If you are tired of your current web browser, or you tend to have a lot of websites open at once, you might want to try out the new Firefox 1.5 browser (for Windows, Mac OS X, and Linux). Version 1.5 was officialy released yesterday. If you haven’t used tabbed browsing, it’ll change the way you browse the web – imagine having all of the websites you have open listed as tabs across the top of your window, rather than a bunch of windows, and being able to easily navigate between them using either keyboard or mouse. It also has a built-in search function, pop-up blocking, quick load-times, and drag-and-drop tab reordering (yes, you can move the tabs around on the tab-bar).
This explains tabbed browsing.
This integrated searching.
And this live search.
While your at it, you might want to install one extension that has been mentioned on a few genealogy sites – Scrapbook:
ScrapBook is a Firefox extension, which helps you to save Web pages and easily manage collections. Key features are lightness, speed, accuracy and multi-language support. Major features are: Save Web page; Save snippet of Web page; Save Web site; Organize the collection in the same way as Bookmarks tree; Full text search and quick filtering search of the collection; Editing of the collected Web page; Text/HTML edit feature resembling Opera’s Notes.
I know I’ve saved a lot of information off of the internet, and this is a much more elegant way of doing so.
I should mention that I haven’t come across any genealogy sites that don’t work with Firefox – all work as good or better than Internet Explorer for Windows (and/or Safari on Mac OS X). Firefox has come a long way, and the next major version of Internet Explorer (sometime later next year, and possibly only for Windows XP/Vista) is going to add some of Firefox’s features – that tells you how advanced Firefox is.
The News Journal (DelawareOnline.com), has a pretty interesting article, The Grandparent, about an 86-year-old Grandma who likes to use computers (which is an understatement):
Nora Taylor is pretty computer-literate for a grandma. She’s on her fifth or sixth computer, and few 86-year-olds keep back copies of Wired magazine in their living rooms.
Though she likes to read about the cutting edge, Taylor doesn’t spend money for the latest gadget. Her 7-year-old Compaq computer runs Windows 98, and she uses a $10-a-month dial-up connection service called BlueLight to connect to the Web.
She uses the Web to stay in touch with family members in Florida and Arizona, to run genealogy software programs….
I’m hoping to be doing the same when I’m 86, and I expect I will be, as will many of you – now that home computers have been around for 20 years or so, I expect more and more older folks will be using them, and not just for genealogy or emailing the grandkids. I’m sure somebody that tracks trends on the internet will start seeing more and more 65-year-olds and on up using the internet.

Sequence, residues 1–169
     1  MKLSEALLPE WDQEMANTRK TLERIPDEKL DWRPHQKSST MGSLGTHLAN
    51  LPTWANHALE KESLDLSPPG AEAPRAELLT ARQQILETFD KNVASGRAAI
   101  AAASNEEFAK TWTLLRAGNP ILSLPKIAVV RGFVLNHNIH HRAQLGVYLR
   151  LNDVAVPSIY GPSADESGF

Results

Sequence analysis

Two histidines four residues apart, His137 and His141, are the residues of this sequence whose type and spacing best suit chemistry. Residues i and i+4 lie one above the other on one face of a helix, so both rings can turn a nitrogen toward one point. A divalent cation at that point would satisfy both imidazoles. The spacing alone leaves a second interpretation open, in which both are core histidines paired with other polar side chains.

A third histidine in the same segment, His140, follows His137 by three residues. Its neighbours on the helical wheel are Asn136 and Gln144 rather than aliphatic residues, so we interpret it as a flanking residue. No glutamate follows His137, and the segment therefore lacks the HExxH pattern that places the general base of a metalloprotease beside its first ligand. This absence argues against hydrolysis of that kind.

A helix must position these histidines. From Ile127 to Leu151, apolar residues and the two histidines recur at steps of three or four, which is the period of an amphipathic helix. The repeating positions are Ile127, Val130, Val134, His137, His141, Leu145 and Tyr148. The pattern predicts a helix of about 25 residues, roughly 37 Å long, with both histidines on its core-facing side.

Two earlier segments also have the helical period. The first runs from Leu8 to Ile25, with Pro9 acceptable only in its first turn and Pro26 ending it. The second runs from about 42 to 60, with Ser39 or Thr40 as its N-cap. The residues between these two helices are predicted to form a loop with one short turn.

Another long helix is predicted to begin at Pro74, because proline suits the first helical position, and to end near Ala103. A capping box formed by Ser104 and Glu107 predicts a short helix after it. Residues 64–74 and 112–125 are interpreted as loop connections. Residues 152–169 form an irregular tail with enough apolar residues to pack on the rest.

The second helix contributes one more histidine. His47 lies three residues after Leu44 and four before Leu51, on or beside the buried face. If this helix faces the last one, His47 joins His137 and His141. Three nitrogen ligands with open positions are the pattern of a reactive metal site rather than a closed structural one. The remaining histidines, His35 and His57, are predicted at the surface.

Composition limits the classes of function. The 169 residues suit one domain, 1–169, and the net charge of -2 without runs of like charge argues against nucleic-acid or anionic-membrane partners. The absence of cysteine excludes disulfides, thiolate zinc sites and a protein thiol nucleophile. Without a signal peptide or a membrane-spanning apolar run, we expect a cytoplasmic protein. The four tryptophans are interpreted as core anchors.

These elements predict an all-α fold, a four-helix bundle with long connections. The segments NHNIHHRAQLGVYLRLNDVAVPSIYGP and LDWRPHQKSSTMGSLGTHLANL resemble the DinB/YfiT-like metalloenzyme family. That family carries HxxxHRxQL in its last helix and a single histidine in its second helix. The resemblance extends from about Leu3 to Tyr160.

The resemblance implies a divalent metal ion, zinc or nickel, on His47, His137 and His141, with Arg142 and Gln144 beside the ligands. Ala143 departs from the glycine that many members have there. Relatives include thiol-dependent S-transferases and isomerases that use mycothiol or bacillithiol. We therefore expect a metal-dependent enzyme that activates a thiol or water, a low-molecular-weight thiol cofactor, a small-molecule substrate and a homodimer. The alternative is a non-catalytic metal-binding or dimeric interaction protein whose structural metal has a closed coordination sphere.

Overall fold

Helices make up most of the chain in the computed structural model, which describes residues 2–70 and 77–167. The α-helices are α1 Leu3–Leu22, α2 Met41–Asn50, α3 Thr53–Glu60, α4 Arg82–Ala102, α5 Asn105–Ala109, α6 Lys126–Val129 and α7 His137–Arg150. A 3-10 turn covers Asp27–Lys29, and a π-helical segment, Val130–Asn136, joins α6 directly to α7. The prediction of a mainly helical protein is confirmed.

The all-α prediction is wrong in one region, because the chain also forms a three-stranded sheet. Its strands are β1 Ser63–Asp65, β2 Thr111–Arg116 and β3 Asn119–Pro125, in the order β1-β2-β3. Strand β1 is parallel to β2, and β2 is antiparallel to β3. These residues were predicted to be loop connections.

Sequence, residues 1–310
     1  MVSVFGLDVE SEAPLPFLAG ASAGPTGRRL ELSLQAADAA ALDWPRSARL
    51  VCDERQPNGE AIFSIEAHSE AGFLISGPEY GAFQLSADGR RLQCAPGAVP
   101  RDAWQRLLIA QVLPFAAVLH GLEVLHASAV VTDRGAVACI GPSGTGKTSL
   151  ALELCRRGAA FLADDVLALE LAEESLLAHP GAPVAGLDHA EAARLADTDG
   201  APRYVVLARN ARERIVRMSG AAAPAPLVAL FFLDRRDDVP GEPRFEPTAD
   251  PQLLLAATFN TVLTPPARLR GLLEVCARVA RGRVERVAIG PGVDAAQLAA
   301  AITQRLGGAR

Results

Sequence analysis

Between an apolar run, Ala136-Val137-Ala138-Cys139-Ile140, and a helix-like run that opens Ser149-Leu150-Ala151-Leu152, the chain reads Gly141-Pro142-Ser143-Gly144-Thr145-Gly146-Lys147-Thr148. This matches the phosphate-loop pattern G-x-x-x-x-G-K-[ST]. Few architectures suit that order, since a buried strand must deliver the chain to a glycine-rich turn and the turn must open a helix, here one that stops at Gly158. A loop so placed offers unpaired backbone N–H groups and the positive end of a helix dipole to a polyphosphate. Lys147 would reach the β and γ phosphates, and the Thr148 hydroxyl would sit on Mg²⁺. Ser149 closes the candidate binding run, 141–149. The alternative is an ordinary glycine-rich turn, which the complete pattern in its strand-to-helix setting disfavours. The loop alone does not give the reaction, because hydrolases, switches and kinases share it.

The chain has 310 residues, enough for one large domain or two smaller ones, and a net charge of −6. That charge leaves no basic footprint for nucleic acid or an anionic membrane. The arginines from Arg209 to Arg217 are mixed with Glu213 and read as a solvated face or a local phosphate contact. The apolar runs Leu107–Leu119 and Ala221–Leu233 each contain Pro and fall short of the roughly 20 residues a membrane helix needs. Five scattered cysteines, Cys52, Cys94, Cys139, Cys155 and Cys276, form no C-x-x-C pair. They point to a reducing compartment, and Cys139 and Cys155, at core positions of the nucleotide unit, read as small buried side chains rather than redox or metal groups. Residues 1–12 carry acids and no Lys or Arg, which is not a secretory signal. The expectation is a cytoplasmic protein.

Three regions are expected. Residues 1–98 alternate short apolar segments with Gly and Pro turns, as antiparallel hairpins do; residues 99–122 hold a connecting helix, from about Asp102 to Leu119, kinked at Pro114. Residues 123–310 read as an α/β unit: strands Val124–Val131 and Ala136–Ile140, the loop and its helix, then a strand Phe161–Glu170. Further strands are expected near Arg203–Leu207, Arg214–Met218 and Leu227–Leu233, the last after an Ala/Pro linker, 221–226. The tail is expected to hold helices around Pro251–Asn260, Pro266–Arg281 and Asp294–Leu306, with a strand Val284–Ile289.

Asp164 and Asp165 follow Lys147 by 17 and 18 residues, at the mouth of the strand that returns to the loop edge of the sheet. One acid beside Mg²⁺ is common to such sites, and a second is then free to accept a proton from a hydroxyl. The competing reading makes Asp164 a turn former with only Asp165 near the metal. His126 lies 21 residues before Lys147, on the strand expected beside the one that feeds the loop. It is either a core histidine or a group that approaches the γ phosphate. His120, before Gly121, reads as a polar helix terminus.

Jean McClelland has written an article in the Herald-Dispatch (Huntington, West Virginia), Scrapbooking is popular way to preserve family history, about combining two very popular hobbies: genealogy and scrapbooking.
Once she took up the hobby, she wanted to document her father’s life. Her father, Kermit Rice, shared stories of his childhood, the lives of his parents and their parents.
Before she knew it, she was compiling a living memory of her father’s family. Now, she is combining genealogical records with the scrapbooking.
“I made a connection between genealogy and visual representation,” she said.
I’ve known more than one genealogist who was using major aspects of scrapbooking when putting together a presentation for a family reunion.
There is a rather unique article in the Morning Sentinel (MaineToday.com), Genealogist tries to solve Eagle head mystery, by Colin Hickey, about the head of the Maine Genealogical Society’s Taconnett Falls Chapter helping a man track down an artist from over a century ago. The hope is to build a biography of the artist, as well as the intended home of a carved eagle’s head (which originally kicked off the mystery).
Excerpts from the article:
WINSLOW — Call it the mystery of the Eagle head.
Thelma Brooks, who heads the Taconnett Falls Chapter of the Maine Genealogical Society, said the mystery started with a phone query from a Florida man.
James H. Heyer of Clearwater, Fla. had purchased a wooden Eagle head, apparently carved by Fred Eaton Southard, who was born in Winslow in 1861, according to Heyer’s research….
Now Heyer wants to find the Winslow home that Southard did the commission work for more than a century ago. He also wants to get any information about Southard’s life as an artisan.
The Repository, Canton Ohio, has an article by Eddie Pritchard about efforts being made to track down and clean up Stark County’s cemeteries, as well as establishing contacts for each one. If you are from that area and want to help, you may want to read the article and get in touch with some of those mentioned.
Excerpt from the article:
Cemeteries are of great interest to people for whom genealogy is a hobby. They use cemetery records to find great-grandparents and long-lost aunts and uncles.
Questions from people searching for ancestors convinced employees of the Genealogy Services Department at the Stark County Public Library to start tracking down some of the areaâ€™s out-of-the-way cemeteries.
Debbie Pfendler hoped to find a contact person for each cemetery. But many folks ask for directions to cemeteries, so she decided to spend Sunday afternoons tracking down the locations. It didnâ€™t take long for Lauren Landis, the departmentâ€™s manager, and Marianne Marcussen to join on the searches.
â€œA lot of this is detective work,â€ Marcussen said of the cemetery searches.
â€œItâ€™s like putting a puzzle together,â€ Pfendler said.